Originally published Nov. 24, 2013
The college experience is expensive. There’s no getting around it. But for some students, it’s far more expensive than they could’ve known when choosing GVSU.
Aspiring nursing students, for example, probably don’t expect as freshmen that their junior and senior years will require them to have access to a car—and a few hundred dollars in gas. These students have to gain clinical experience without being reimbursed for their travel expenses even though they may be placed an hour or more away. High gas prices coupled with car maintenance and a parking pass prove to be expensive, especially for students who are often so busy that they don’t have time for jobs.
Certainly, professors and administrators do their best to keep the cost as low as possibly and ease the students’ financial burdens. As Elaine van Doren said in Erin Grogan’s article, “The true cost of education,” she attempts to place her students in clinicals within an hour’s drive. Even a 20-minute drive can be problematic for students—especially those who don’t have cars.
Those without access to transportation have to hope that they’re placed locally or rely on the kindness of their nursing fellows to provide rides. But what if none of the students placed at a far-away site have cars? Should it be a requirement for nursing students to have one?
For many art and graphic design students, there is a surprise cost to pay for supplies like canvasses, paintbrushes, paint and other necessities. Some still have to go the next step to buy supplies you’d think would be provided, such as paper towel or special jars to keep the paint in. This can add an extra $150 or more to students’ costs that is unaccounted for at the beginning of the semester or when budgeting for four years of college.
Certainly, some journalism students never anticipated having to purchase a smart phone—and an upgraded plan—as a requirement for their upper-level courses. A phone, like a car, is not a one-time cost like paint brushes. It requires continual payment for, well, forever. It’s not easy—and for some companies, not possible—to revert back to a simple phone with the simpler plan.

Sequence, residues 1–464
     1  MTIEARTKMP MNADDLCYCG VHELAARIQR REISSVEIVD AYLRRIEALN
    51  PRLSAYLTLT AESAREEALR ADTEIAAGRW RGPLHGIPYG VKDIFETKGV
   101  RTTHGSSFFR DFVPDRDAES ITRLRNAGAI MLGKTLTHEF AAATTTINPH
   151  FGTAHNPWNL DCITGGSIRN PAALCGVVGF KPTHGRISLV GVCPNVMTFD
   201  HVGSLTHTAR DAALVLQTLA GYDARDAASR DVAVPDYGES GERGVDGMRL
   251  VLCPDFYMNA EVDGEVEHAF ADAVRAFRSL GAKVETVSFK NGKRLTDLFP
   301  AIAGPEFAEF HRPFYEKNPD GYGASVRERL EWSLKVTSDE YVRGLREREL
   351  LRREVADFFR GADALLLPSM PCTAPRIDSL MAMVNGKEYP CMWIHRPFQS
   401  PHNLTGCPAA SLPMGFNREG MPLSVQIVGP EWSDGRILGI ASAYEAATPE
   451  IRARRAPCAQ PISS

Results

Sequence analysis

Journalism, nursing and art students are certainly not the only ones who encounter the problem of hidden costs, and this raises the question of why these extra costs are becoming more and more frequent in courses. While the costs may seem minimal at first, they could be huge burdens on some students, especially if just a few dollars separate them from being in school to dropping out and joining the blue-collar work world to provide for themselves.
If these costs could be calculated and added into estimations before students choose GVSU programs, it could save them from starting a program they can’t finish and wasting money on a few useless semesters. The transparency could also help them stay at GVSU by allowing them to prepare for the additional prices in advance. Every cost needs to be taken into account when students budget, and if an extra $200 or more is not being accounted for, that is money that a student is losing in aid or loans to stay in college.
The university should be upfront with students and warn them of extra costs before allowing them to enroll in certain programs. Of course, this sort of honesty might not benefit the university, but it should be a value upheld by a model institution. Don’t trick students into thinking they’re getting a deal.
Original publication: http://www.lanthorn.com/article/2013/11/opinion-on-true-cost-of-education